To: All Msg #48, Oct1993 09:03AM Subject: Re: How smart are dolphins, really? In February
From: Carl S. Leichter
To: All Msg #48, Oct-19-93 09:03AM
Subject: Re: How smart are dolphins, really?
Organization: Los Alamos National Laboratory
From: firstname.lastname@example.org (Carl S. Leichter)
In February of 1991, I went to Monkey Mia World Heritage Region in
Western Australia. Wild ocean swimming dolphin have been regularly appear for
contact with humans in water less than 2 feet deep for about 30 years.
They also receive occasional token bits of fish (the feeding policy is such
that the amount of food given the dophins must be significantly less than
their dietary requirements and the feeding must take place at randomly selected
times...this is to ensure that the dolphin do not come to depend on humans for
food and that they do not come to MM simply as the result of training)
Dolphin navigate by using sonar. They are supposed to be able
to "see" inside our (and every other ocean going critter including themselves)
bodies because these soundwaves are penetrating. The sensation of being
"soned"? by a dolphin is very interesting. It sounded to me like I was wearing
headphones and was listening to a low frequency buzz inside my head (my head
NOT in the water at the time).
I was at MM for four days. The dolphin (for reasons that I cannot
fathom :-)) seemed to "like" some people more than others. When they
arrive, they usually keep their distance at first. They usually slowly swim
just out of reach. My first contact was with a dolphin that swam slowly just
in front of me; I reached out and touched her as she swam under my hand. She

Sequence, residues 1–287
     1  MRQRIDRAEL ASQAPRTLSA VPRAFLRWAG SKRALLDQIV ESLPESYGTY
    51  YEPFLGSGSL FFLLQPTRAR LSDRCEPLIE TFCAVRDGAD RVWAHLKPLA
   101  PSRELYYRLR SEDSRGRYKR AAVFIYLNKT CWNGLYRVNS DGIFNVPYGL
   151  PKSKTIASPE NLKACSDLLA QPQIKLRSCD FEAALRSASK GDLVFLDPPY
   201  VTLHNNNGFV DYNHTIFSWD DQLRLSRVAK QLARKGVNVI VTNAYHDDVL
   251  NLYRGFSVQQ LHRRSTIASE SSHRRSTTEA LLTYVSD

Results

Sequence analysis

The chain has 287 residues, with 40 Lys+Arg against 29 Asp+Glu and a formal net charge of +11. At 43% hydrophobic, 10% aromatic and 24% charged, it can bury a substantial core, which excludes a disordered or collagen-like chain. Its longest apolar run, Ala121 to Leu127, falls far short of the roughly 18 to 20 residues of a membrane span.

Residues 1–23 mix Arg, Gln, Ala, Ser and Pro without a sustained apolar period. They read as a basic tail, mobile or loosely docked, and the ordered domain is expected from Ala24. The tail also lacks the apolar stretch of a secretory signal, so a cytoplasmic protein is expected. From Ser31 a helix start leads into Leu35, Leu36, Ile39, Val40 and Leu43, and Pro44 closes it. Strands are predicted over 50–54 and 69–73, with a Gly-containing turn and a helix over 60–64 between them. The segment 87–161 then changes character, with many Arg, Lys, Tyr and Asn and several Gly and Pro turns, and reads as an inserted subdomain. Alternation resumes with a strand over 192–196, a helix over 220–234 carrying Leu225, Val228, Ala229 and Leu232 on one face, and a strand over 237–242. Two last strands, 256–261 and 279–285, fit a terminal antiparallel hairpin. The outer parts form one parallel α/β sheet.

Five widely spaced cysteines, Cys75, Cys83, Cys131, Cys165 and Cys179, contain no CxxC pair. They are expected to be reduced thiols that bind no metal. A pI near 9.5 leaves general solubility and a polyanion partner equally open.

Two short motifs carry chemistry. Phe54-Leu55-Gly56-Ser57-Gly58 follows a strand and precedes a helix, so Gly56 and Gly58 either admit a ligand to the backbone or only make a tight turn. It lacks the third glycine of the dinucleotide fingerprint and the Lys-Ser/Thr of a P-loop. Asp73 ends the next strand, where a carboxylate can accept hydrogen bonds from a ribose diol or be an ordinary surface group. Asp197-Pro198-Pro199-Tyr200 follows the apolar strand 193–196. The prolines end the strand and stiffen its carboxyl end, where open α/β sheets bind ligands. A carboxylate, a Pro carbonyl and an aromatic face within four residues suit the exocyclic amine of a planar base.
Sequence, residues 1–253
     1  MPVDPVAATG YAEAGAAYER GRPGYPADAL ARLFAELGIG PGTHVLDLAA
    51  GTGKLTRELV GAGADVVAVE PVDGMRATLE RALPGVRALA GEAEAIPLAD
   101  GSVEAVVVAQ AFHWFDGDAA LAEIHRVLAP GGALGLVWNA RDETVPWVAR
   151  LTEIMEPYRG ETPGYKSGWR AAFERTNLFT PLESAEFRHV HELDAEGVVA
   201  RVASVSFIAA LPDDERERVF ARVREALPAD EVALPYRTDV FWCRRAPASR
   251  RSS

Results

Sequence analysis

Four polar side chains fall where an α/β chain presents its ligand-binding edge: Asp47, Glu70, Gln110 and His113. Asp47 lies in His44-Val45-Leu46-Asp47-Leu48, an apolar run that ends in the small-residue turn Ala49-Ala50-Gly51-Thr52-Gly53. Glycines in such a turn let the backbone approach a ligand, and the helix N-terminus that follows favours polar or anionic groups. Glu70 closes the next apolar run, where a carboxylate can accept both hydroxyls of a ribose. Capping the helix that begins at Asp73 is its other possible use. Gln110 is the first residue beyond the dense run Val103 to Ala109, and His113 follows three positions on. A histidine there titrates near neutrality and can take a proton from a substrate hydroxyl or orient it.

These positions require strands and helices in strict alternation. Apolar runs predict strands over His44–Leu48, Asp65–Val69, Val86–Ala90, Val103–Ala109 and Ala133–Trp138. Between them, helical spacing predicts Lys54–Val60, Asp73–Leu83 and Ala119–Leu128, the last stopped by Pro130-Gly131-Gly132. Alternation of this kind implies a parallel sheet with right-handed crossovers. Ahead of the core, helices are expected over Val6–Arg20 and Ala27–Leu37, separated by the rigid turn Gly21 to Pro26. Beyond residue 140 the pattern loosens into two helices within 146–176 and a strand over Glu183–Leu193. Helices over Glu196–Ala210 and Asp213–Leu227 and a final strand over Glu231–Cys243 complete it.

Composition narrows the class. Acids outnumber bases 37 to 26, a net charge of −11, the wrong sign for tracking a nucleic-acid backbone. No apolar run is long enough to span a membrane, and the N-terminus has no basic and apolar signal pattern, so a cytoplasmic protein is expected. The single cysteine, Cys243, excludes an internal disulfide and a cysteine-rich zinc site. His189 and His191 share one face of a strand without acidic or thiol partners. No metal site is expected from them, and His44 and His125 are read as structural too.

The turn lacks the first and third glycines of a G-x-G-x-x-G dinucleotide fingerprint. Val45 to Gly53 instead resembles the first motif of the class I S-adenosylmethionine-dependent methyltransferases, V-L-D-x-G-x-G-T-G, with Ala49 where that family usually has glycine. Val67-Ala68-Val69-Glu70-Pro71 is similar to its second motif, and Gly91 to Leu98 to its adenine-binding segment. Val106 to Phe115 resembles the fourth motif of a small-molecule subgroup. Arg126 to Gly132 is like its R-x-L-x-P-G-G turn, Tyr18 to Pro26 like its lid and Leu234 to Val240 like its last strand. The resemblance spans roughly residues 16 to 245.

did not react in any discernable fashion. They will swim right up to some
humans and just stop with their "nose" lightly touching the ankles (this
happened to me on my 3rd day) allowing light stroking. I remember there
was one lucky man who was making his first ever visit; immediately after he
stepped in about 18 inches of water he had four dolphin at his feet!
Some humans were never allowed within arms length.
Often, the dolphin would bring their young with them. I was lucky
enough to see a 6 month old that was around 2 feet long. She liked to
swim directly at you at full speed then peel out at the last minute and swim
in a circle around you just out of arm's reach.
I did see some of the dolphin react violently to some humans with
loud squealing and thrashing of the tail and upper body. But they never
touched anybody when they moved violently.
I had one dolphin swim at me slowly and I spread my legs so she could
swim beneath me. She came to a stop right under me (without touching).
There I am in 2 feet of water with a 200 kilo wild dolphin floating between my
I was astounded and *very nervous*. She just rolled her body so her eye came
out of the water and floated there looking up at me. I was the one who moved
of the situation....egad one flip of that tail and no family life for Carl.
I really, REALLY, enjoyed my time at MM and would love to go back with
about 20 million dollars to try some ideas I have for determining if it is
possible for humans and dolphins to communicate using high frequency sounds.
I cannot say how intelligent dolphin are from my experience, but I will say
they are inscrutable.
E-Mail Fredric L. Rice / The Skeptic Tank